CARIBBEAN / The Spanish-American War, 1898
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The intervention by the United States in the armed conflict between Cuba and Spain in 1898 represents a milestone in the history of the Caribbean. Since early in the 19th century, the United States had shown great interest in Latin America and especially in acquiring the island of Cuba. The Monroe Doctrine, proclaimed by President James Monroe in his annual message in 1823, made known the country's hegemonic aspirations and put the young nation's geopolitical and economic interests on the table when he declared: "[…] the American continents, by the free and independent condition which they have assumed and maintain, are henceforth not to be considered as subjects for future colonization by any European powers."


Cuba's war of independence, declared in 1895, offered the perfect excuse and a setting for the United States to decide to meddle in the Caribbean island's political affairs. After three years of intense fighting, it appeared that the Cuban forces were likely to win the conflict. The economic and political aspirations of the United States, already pursued since the dawn of the 19th century, played a deciding role in efforts to acquire the island. The United States could not allow a free Cuba. It would be counterproductive to its economic and political interests.

The Spanish colony of Cuba, therefore, would have to come under U.S. control. One of the main ideologists of the era, John Fiske, wrote an article in Harper's Magazine on the United States' responsibility to spread its language, institutions and democratic traditions beyond its borders. Fiske's intentions were not mere pipe dreams. The self-proclaimed Anglo-Saxon superiority and its responsibility for civilizing the nations of the world were also proclaimed by the Reverend Josiah Strong, combining it, this time, with the work of evangelizing non-Christian peoples.

The consolidation of new political power required, according to Alfred T. Mahan, total control of the seas bordering the areas of interest to the nation. A. T. Mahan was possibly one of the most prolific and influential writers of the era. His works, compiled in the book The Interest of America in Sea Power, Present and Future, promoted political, economic and military expansion with the goal of consolidating the young nation's hegemony in the Americas. The Caribbean was essential to achieving these goals. The ideological basis was established. U.S. foreign policy found the economic, religious and military justification it needed for a military intervention in Cuba.

In April of 1898, William McKinley, president of the United States, sought approval from the U.S. Congress to get involved in the issue and intervene in the conflict between Spain and the Cuban revolutionary forces. In his speech to Congress, he foreshadowed U.S. intentions toward Cuba. The Spanish, in their desire to hold on to the last vestiges of their waning empire in the Americas, refused to withdraw their troops from Cuban territory and recognize the island's independence. With no time to lose, U.S. troops under the command of William Rufus Shafter landed on the island of Cuba, just as Nelson Miles did in Puerto Rico. General Miles and the Navy troops who filled the streets of the towns on the south coast of Puerto Rico did not encounter great resistance. In Cuba, although the Spanish troops fought with spirit, they could not stop the invasion. The final Cuban war for independence became, through the intervention of U.S. troops, the Spanish-American War. A war of national liberation was converted into a war of conquest, said historian Louis Pérez Jr.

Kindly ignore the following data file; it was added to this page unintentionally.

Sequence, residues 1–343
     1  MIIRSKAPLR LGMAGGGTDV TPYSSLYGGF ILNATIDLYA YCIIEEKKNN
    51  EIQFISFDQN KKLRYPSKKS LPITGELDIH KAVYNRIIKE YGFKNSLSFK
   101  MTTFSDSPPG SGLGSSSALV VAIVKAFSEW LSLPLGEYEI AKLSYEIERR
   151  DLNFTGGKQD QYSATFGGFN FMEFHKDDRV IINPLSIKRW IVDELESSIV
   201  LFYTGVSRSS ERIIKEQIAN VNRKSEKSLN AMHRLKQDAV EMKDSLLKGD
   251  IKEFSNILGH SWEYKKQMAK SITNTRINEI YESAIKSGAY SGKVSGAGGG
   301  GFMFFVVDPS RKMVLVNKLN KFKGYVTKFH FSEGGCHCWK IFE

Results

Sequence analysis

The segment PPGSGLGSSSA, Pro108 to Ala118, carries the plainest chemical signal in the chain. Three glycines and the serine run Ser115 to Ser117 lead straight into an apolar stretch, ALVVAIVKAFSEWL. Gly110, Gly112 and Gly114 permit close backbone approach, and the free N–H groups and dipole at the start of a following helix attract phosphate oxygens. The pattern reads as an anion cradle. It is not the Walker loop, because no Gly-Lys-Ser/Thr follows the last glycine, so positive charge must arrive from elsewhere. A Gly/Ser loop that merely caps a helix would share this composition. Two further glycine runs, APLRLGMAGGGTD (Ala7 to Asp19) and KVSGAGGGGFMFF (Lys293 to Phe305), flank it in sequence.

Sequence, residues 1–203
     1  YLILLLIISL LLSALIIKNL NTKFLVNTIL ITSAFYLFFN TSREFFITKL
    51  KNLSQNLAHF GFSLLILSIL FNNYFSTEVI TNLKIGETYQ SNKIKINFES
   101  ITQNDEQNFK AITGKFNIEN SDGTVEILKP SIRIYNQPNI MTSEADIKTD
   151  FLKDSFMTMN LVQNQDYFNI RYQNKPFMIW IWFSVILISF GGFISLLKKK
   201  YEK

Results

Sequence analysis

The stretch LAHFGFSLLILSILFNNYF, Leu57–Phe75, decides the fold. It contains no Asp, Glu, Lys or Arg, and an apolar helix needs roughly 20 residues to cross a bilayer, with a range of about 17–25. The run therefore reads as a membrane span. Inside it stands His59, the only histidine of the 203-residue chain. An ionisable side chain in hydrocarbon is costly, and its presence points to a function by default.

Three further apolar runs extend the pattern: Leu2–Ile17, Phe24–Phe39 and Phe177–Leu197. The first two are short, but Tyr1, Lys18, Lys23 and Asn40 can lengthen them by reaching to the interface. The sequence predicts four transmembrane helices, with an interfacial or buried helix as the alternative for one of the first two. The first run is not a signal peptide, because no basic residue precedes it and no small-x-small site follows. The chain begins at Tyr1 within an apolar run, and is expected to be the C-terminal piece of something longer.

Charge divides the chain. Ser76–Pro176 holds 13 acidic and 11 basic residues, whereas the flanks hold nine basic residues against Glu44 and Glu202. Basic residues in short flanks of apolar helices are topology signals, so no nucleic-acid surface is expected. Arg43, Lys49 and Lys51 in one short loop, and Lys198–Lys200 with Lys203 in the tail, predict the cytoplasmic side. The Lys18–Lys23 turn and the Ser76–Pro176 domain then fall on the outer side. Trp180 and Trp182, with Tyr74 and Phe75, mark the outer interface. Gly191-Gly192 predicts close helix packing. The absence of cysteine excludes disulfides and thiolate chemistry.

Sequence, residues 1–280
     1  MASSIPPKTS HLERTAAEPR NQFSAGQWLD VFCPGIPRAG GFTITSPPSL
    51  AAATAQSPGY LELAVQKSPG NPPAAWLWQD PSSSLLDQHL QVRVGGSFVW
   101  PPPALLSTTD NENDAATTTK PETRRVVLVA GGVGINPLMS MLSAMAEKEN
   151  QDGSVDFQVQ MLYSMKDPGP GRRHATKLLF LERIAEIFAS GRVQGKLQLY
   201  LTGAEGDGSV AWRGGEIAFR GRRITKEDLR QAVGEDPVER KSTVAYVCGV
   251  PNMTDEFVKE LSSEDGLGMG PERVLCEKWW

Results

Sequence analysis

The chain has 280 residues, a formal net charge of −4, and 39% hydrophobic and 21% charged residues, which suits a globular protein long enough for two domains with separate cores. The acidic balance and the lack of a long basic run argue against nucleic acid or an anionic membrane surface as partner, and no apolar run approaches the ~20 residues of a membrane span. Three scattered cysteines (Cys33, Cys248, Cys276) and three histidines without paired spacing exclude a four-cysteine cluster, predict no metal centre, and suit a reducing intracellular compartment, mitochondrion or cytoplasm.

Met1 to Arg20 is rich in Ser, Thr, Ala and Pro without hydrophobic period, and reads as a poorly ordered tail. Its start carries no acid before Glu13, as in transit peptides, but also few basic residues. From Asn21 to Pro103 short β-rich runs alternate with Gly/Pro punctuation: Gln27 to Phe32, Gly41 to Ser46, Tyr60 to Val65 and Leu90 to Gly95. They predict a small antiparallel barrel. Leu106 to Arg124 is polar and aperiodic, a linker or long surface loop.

The Treaty of Paris, signed on December 10, 1898, put an end to the war and opened a new era of political and economic hegemony by the United States in the Caribbean. Cuba came to be a protectorate of its huge neighbor to the north. Senator Orville Platt and War Secretary Elihu Root proposed limiting the island's sovereignty to safeguard the interests of the United States. The Platt Amendment, as it was known, asserted the right to intervene in the internal affairs of the new Caribbean republic. This allowed the United States to maintain control and to ensure that its geopolitical and economic interests would be jealously protected.

Puerto Rico's fate, once it was no longer a battlefield, was different. The island became war booty and was occupied by the military for two years. In 1900, the Foraker Act created a new political relationship between Puerto Rico and the United States and established a civilian government for the island. There was no question, however, that the United States did not trust Puerto Ricans to govern themselves. Under the Foraker Act, the president of the United States appointed the island's governor and other members of his cabinet, which was also the upper house of the legislature. Puerto Ricans could only aspire to the lower house and their powers were greatly limited by the veto. A colonial relationship between the United States and Puerto Rico continues today.

The Spanish-American War gave the United States geopolitically important overseas possessions in the Caribbean and the Pacific. The 20th century saw the consolidation of the United States as the undisputed political and economic power in the region. During the early decades of the 20th century, U.S. foreign policy tended toward direct intervention in Caribbean and Central American territories.



Autor: Hugo R. Viera Vargas, Ph.D.
Published: March 02, 2012.

Version: 12020422 Rev. 1
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